On 30 May 2018 the Turnbull Government announced that, as of 1 January 2019, a new “super court” known as the Federal Circuit and Family Court of Australia (FCFCA) will be established through the amalgamation of the current Family Court of Australia and Federal Circuit Court of Australia.
So what does this mean?
Well, basically, the current Family Court, which deals with complicated Family Law matters including complex financial arrangements and allegations of family violence and abuse, and the current Federal Circuit Court, which deals with simpler Family Law cases, will be merged and the new FCFCA will provide a single point of entry for all Family Law matters.
The FCFCA will be comprised of two divisions:
- Division 1 will consist of existing Family Court judges and deal solely with Family Law matters.
- Division 2 will consist of existing Federal Circuit Court judges and hear a mix of Family Law matters and general Federal Law matters.
So is this change positive for Australian families?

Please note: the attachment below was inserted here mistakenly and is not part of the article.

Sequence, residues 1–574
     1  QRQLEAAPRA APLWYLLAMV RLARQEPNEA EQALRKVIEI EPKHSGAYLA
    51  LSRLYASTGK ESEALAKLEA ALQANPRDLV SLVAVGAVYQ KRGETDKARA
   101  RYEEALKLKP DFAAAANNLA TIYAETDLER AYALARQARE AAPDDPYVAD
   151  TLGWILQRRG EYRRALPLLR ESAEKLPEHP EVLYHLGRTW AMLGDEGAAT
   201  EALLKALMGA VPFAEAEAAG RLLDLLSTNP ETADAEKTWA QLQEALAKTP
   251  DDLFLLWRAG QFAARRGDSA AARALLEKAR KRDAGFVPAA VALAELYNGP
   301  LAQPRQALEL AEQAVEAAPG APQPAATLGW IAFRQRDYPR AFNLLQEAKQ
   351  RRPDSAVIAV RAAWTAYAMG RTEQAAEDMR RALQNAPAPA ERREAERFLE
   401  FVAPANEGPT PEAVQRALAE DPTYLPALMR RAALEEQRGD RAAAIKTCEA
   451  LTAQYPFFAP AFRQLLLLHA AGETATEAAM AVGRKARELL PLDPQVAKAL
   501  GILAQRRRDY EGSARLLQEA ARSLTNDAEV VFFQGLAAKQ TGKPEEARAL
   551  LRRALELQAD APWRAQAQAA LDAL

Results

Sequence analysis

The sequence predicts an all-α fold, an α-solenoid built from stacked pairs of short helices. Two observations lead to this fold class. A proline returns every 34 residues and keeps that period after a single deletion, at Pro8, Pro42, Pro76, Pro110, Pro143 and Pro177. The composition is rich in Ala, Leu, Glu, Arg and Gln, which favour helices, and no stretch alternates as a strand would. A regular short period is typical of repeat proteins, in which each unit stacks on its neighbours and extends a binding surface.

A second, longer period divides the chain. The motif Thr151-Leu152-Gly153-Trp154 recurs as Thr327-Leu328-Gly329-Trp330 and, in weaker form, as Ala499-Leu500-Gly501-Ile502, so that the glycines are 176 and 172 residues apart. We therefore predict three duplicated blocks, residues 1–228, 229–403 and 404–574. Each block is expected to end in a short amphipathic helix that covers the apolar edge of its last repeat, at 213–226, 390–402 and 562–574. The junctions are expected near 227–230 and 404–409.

In theory, absolutely.
As stated by Attorney General Christian Porter:
"This single new court, the FCFCA, will help Australian families resolve their disputes faster by improving the efficiency of the existing split family law system, reducing the backlog of matters before the family law courts, and driving faster, cheaper and more consistent dispute resolution."
The key issues with the current Family Law Court system is the backlog of unresolved cases and growing delays. Such issues are mainly caused by the overlapping jurisdiction and disparities in the rules, procedures and practices of the Family Court and Federal Circuit Court.
The new FCFCA is designed to streamline the court process for Australian families by creating one set of new rules, procedures and practices.
It is estimated that the reforms will improve the efficiency of the Family Law court system by up to a third. Looks like we’ll have to wait until January 2019 to see…
If you seek more information about relocation after separation, please contact Nevine Youssef from our Family Law Department on (02) 4626 5077 or by email at email@example.com.
The contents of this publication are for reference purposes only. This publication does not constitute legal advice and should not be relied upon as legal advice. Specific legal advice should always be sought separately before taking any action based on this publication.